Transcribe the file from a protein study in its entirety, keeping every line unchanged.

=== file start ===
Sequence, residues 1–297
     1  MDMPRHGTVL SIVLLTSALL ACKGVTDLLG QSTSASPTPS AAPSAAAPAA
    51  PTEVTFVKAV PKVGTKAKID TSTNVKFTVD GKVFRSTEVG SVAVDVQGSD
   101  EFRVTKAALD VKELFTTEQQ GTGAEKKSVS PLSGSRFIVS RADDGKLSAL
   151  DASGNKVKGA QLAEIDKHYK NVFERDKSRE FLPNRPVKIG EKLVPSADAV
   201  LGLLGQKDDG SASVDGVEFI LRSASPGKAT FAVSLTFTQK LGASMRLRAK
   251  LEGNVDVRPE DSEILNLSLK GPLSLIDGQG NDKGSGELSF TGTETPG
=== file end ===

Sequence, residues 1–297
     1  MDMPRHGTVL SIVLLTSALL ACKGVTDLLG QSTSASPTPS AAPSAAAPAA
    51  PTEVTFVKAV PKVGTKAKID TSTNVKFTVD GKVFRSTEVG SVAVDVQGSD
   101  EFRVTKAALD VKELFTTEQQ GTGAEKKSVS PLSGSRFIVS RADDGKLSAL
   151  DASGNKVKGA QLAEIDKHYK NVFERDKSRE FLPNRPVKIG EKLVPSADAV
   201  LGLLGQKDDG SASVDGVEFI LRSASPGKAT FAVSLTFTQK LGASMRLRAK
   251  LEGNVDVRPE DSEILNLSLK GPLSLIDGQG NDKGSGELSF TGTETPG